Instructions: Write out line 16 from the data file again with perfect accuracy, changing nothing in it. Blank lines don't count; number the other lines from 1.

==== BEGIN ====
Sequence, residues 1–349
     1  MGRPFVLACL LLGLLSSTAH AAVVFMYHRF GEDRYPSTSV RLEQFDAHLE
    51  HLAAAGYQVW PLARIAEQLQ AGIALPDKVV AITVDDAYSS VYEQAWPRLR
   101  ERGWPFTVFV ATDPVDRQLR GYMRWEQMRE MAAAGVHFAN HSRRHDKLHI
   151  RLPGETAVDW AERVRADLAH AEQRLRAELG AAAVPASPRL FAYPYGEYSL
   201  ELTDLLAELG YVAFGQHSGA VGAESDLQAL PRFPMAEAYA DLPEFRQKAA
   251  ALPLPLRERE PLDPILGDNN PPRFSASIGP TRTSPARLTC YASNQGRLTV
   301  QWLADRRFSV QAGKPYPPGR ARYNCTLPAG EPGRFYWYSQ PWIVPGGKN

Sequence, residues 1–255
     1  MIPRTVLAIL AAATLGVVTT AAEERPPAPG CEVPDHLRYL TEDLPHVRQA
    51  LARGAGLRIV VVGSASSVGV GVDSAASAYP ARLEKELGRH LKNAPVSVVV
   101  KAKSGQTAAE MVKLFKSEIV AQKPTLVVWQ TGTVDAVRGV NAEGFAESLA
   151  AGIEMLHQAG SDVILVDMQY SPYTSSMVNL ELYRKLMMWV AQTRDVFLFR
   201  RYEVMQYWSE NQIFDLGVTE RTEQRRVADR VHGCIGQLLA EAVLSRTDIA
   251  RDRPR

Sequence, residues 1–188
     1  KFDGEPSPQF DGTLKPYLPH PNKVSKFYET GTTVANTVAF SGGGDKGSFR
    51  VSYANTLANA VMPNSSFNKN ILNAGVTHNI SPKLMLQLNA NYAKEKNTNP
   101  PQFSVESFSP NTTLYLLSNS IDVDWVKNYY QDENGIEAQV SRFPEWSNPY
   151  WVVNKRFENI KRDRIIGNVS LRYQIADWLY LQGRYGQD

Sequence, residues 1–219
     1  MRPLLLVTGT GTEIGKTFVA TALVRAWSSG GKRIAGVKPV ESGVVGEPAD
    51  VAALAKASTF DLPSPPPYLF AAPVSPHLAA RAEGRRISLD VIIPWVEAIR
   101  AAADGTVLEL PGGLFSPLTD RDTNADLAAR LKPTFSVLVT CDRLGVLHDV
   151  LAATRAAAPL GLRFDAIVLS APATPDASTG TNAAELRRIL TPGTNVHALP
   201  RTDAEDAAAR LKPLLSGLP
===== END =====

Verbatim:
Sequence, residues 1–188